BEIJING, March 7 (Xinhua) -- The situation in northwest China's Xinjiang Uygur Autonomous Region remains tough but has been improving, the region's Communist Party of China (CPC) chief said Thursday.
Zhang Chunxian, who is attending an annual session of the country's top legislature in Beijing, told reporters after a panel discussion, "Although the situation remains tough, the overall stability in Xinjiang is improving and under control."
Zhang said Xinjiang should contain, resist and prevent the "three evil forces" of separatism, extremism and terrorism step by step in a historical way.
He said the "three evil forces" are closely linked with and affected by the international environment such as the 2004 "Orange Revolution" in Ukraine and the Jasmine Revolutions that swept some Arab countries.
Zhang said some information on the Internet was totally fake and contradicted the truth.
Rumors were fabricated while some cases were exaggerated by evilly-intentioned people to sabotage national unity, Zhang said, citing the case of nut cake, or literally known as "cut cakes," as proof of Internet hype.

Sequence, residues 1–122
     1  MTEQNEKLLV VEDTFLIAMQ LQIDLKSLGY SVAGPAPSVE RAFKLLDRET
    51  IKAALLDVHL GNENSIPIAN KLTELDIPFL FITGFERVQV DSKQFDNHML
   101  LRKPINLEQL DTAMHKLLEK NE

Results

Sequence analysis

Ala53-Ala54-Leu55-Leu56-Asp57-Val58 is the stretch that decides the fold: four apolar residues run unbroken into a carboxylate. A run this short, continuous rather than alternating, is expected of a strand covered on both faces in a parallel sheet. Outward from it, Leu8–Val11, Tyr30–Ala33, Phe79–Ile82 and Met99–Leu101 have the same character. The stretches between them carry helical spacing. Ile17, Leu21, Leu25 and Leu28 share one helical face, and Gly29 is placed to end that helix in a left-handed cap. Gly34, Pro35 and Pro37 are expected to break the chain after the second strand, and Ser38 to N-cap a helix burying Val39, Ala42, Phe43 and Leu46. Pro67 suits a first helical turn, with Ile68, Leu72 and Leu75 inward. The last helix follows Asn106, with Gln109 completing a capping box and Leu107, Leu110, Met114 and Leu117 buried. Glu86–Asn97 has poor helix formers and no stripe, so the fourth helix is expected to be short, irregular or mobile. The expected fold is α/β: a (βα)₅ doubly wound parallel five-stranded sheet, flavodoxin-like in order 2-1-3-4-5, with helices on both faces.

Made of a mixture of nuts, sweets and rice, nut cakes are originally a common Muslim specialty of Xinjiang. Uygur vendors typically sell them by cutting small pieces from chunks carried on their tricycles on streets across the nation.
Last year, police in central Hunan Province detained a man of the Han majority over a fight with the vendors when he refused to buy a slice of cake much heavier and more costly than he had expected.
The man, whom many believe was blackmailed by the vendors, was surprisingly ordered to pay compensation worth more than 24,000 U.S. dollars.
Xinjiang is home to nine million Uygur minority people and has been targeted by separatists.
In June last year six persons tried to hijack a plane that had taken off from Hotan in the far-western region and were thwarted by passengers and crew.
In July 2009, a riot broke out in the capital city of Urumqi, leaving nearly 200 people dead and 1,700 injured.